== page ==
Myth #5: It’s okay to pack on the pounds because you’re eating for two anyway. The truth: According to the American Congress of Obstetricians and Gynecologists, the average woman with a normal weight prior to getting pregnant only needs an extra 300 calories a day for her baby. That’s a cup of rice and two small pieces of dried fish, or a banana slathered in peanut butter. A normal woman should only take in about 25-35 pounds during her pregnancy, and less if she’s overweight. Take note that it’s tough dropping the extra baggage gained after birth, and with every subsequent pregnancy, a woman’s tendency is to get heavier. Also, women who gain more than 50 pounds while carrying one fetus to term are at a higher risk for a C-section or a difficult normal birthing.
Myth #6: You should avoid fish while you’re pregnant. The truth: It’s not fish per se that’s bad – it’s mercury. For this reason, avoid fish such as king mackerel, shark, swordfish or tilefish. Raw fish (even sushi or sashimi) isn’t a good idea because it’s likely to contain parasites or bacteria. Cooked fish such as light tuna, salmon and shrimp are better alternatives and eating at least two servings of fish per week can be healthy for both mommy and baby. Fish contain lots of omega-3 fatty acids, which are crucial to the development of a child’s brain and vision. According to one study, children whose mothers ate twelve ounces of seafood a week during pregnancy had greater motor, social and communication skills than their peers, as well as higher verbal IQ.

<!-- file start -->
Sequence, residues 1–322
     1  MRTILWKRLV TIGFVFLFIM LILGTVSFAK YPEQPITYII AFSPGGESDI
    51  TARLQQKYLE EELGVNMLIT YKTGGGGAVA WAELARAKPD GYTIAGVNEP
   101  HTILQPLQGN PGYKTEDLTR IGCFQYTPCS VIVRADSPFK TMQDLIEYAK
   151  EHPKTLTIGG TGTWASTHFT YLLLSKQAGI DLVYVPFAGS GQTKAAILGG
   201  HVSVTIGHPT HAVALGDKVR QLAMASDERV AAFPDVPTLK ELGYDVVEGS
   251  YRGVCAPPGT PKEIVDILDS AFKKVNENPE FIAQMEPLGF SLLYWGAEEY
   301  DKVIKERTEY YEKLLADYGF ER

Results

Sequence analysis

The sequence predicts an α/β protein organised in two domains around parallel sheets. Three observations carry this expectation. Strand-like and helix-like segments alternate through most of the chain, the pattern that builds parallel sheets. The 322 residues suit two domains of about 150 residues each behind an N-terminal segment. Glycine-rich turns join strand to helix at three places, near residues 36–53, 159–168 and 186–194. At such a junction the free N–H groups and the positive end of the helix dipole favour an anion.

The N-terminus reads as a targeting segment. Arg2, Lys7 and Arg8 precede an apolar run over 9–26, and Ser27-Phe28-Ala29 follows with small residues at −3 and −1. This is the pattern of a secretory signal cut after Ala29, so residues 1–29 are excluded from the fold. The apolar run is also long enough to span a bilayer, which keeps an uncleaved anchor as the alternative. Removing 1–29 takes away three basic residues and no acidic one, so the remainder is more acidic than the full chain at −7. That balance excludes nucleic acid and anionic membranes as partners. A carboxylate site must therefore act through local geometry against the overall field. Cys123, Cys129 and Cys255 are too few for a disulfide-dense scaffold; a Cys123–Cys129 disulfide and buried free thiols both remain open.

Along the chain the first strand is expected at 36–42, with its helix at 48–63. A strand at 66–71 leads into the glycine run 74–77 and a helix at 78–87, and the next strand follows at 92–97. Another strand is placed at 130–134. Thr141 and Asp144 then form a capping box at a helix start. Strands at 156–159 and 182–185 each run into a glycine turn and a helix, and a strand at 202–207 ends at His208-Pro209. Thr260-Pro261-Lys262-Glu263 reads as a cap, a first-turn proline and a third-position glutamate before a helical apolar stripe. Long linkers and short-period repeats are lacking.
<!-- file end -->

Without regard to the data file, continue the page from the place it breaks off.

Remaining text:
Myth #7: Cats are bad for pregnant women. The truth: It is quite acceptable to pet your cat while pregnant, so long as Mr. Cuddles has had all his shots. Do keep your cat’s claws trimmed, though, as cat scratch fever is not a good thing to have while pregnant. Make sure that your hubby or your household helper takes care of the litter box – toxoplasmosis can come out of kitty fecal matter and that’s not a fun thing to have either.
Myth #8: You become the epitome of bliss during pregnancy. The truth: Psychiatrists assert that pregnant women are just as likely to suffer from mood disorders as other women – about 20 percent of women worldwide are prone to bouts of depression or anxiety. This is something you have to watch out for as depression during pregnancy can lead to low birth weight or even premature delivery – talk to your obstetrician if you think you’re a likely candidate. You can seek out counseling or, if it’s a hormonal or biological reason, your doctor can prescribe antidepressants that won’t interfere with your pregnancy.
Myth #9: Pregnant women should not hit the gym. The truth: Consult your doctor first if the pregnancy is difficult – in certain cases, this is true for women who have difficulty conceiving or have certain health problems. However, for most normal pregnancies, research shows that women who are physically active have slower and more variable heart rates than more sedentary expectant mothers – a good sign of cardiovascular health. Babies of practitioners of tae-bo, pilates, yoga and pole dancing have bigger brains on the average and may become more intelligent as adults.